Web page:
• Ipsilateral ataxia
    • Contralateral face/arm/leg paralysis and decreased proprioception
  • Medial superior pontine syndrome (paramedian upper basilar artery branches)
    • Ipsilateral ataxia, INO, myoclonus of pharynx/vocal cords/face
    • Contralateral face/arm/leg paralysis and decreased proprioception

Superior Cerebellar Artery (SCA)

  • ~2% of all cerebral infarctions[1]
  • May present with nonspecific symptoms - N/V, dizziness, ataxia, nystagmus (more commonly horizontal)[2]
  • Lateral superior pontine syndrome
    • Ipsilateral ataxia, n/v, nystagmus, Horner's syndrome, conjugate gaze paresis
    • Contralateral loss of pain/temperature in face/extremities/trunk, and loss of proprioception/vibration in LE > UE

Posterior Cerebral Artery (PCA)

Signs and Symptoms:

  • Common after CPR, as occiptal cortex is a watershed area
  • Unilateral headache (most common presenting complaint)
  • Visual field defects (contralateral homonymous hemianopsia, unilateral blindness)
  • Visual agnosia - can't recognize objects
  • Possible macular sparing if MCA unaffected
  • Motor function is typically minimally affected
  • Lateral midbrain syndrome (penetrating arteries from PCA)
    • Ipsilateral CN III - eye down and out, pupil dilated
    • Contralateral hemiataxia, tremor, hyperkinesis (red nucleus)
  • Medial midbrain syndrome (upper basilar and proximal PCA)
    • Ipsilateral CN III - eye down and out, pupil dilated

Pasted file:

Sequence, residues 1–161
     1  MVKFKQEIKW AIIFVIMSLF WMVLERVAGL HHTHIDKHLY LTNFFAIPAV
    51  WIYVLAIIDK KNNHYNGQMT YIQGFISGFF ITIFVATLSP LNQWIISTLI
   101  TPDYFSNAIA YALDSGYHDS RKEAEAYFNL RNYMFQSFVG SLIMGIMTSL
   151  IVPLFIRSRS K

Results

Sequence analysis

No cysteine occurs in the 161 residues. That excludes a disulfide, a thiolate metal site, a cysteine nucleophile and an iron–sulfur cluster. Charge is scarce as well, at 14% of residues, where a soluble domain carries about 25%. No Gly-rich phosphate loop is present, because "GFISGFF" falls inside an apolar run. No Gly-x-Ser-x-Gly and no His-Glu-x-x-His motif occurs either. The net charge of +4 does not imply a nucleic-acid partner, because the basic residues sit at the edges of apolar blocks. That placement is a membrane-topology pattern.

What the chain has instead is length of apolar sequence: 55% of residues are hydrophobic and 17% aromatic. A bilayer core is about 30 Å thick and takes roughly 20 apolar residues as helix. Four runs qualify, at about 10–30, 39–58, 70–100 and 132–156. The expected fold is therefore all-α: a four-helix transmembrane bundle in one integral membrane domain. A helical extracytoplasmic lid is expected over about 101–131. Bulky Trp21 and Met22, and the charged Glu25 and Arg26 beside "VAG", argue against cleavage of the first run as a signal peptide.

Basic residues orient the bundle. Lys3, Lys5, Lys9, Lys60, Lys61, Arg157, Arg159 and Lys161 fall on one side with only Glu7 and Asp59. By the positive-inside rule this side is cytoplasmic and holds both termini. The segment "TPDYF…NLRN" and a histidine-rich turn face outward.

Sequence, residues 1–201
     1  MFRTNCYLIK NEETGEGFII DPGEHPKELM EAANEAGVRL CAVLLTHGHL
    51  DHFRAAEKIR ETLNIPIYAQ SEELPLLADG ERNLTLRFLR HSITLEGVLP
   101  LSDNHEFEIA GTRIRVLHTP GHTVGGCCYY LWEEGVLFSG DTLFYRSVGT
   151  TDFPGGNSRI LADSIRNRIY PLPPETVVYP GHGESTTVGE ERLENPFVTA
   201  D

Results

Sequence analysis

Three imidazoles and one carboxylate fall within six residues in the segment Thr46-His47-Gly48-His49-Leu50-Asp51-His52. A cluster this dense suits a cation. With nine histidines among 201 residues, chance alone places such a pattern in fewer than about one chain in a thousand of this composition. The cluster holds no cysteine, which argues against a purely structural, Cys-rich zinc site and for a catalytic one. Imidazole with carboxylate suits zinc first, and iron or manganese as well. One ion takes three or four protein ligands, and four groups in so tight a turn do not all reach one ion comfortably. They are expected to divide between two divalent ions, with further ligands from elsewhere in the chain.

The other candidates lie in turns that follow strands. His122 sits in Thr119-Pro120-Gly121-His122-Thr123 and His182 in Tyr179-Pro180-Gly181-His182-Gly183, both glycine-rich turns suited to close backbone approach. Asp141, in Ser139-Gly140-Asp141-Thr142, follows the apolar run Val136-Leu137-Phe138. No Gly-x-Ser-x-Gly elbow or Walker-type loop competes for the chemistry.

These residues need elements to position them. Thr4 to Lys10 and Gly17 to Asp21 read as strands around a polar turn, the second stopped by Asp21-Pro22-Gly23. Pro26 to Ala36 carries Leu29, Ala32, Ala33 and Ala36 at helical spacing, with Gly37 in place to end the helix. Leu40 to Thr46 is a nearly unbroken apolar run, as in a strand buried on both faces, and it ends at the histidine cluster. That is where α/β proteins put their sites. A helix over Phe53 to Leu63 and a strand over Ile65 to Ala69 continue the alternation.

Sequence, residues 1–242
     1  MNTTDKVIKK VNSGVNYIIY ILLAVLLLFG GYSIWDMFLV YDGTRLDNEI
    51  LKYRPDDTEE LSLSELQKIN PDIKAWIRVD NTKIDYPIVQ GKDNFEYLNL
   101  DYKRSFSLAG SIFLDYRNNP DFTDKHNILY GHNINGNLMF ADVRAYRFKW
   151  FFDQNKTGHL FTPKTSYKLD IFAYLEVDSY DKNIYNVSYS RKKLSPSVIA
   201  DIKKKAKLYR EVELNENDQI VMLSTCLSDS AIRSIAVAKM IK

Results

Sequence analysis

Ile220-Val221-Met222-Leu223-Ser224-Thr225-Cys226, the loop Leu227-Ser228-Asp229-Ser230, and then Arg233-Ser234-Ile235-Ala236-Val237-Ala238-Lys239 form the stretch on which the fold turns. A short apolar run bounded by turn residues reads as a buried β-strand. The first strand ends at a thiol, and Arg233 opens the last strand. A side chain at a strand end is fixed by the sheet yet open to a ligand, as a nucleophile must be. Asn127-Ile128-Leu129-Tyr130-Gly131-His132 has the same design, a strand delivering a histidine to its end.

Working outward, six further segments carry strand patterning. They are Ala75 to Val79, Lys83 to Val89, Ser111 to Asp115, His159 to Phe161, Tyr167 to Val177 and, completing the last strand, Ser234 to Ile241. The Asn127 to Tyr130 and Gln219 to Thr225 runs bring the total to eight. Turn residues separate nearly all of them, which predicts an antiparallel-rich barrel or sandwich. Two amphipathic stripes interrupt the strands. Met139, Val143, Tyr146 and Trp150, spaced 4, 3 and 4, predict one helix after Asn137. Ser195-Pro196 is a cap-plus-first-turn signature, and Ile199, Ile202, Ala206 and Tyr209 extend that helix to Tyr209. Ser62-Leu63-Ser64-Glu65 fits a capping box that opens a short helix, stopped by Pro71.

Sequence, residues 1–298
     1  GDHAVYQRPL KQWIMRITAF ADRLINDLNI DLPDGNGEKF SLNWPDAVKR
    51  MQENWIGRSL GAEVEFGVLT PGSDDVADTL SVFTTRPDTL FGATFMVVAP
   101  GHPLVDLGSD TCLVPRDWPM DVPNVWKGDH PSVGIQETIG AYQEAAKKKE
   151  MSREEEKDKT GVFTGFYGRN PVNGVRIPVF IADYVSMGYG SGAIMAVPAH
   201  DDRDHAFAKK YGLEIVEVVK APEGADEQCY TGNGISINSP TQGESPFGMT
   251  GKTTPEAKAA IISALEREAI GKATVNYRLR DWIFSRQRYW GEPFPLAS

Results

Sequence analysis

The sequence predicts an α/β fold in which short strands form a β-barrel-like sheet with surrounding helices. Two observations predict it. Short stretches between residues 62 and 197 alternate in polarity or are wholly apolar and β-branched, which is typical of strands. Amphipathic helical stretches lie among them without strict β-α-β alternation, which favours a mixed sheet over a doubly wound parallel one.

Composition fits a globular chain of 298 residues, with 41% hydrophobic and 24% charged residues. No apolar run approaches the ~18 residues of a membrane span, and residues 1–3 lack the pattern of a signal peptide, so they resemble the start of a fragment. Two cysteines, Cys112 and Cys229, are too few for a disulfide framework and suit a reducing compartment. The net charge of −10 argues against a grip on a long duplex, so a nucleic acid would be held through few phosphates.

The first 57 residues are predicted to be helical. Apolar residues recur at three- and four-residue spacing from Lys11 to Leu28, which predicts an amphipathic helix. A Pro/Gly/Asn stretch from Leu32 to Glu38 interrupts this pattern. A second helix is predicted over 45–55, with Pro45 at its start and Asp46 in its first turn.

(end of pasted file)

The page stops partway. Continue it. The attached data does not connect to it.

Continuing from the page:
• Contralateral paralysis of face, arm, leg (corticospinal)

Anterior Inferior Cerebellar Artery (AICA)

  • Lateral inferior pontine syndrome
  • Ipsilateral facial paralysis, loss of corneal reflex (CN VII)
  • Ipsilateral loss of pain/temp (CN V)
  • Nystagmus, N/V, vertigo, ipsilateral hearing loss (CN VIII)
  • Ipsilateral limb and gait ataxia
  • Ipsilateral Horner syndrome
  • Contralateral loss of pain/temp in trunk and extremities (lateral spinothalamic)

Posterior Inferior Cerebellar Artery (PICA)

Signs and Symptoms:

  • Lateral medullary/Wallenberg syndrome
  • Ipsilateral cerebellar signs, ipsilateral loss of pain/temp of face, ipsilateral Horner's syndrome, ipsilateral dysphagia and hoarseness, dysarthria, vertigo/nystagmus
  • Contralateral loss of pain/temp over body
  • Also caused by vertebral artery occlusion (most cases)

Internal Capsule and Lacunar Infarcts

  • May present with either lacunar c/l pure motor or c/l pure sensory (of face and body)[3]
    • Pure c/l motor - posterior limb of internal capsule infarct
    • Pure c/l sensory - thalamic infarct (Dejerine and Roussy syndrome)
  • C/l motor plus sensory if large enough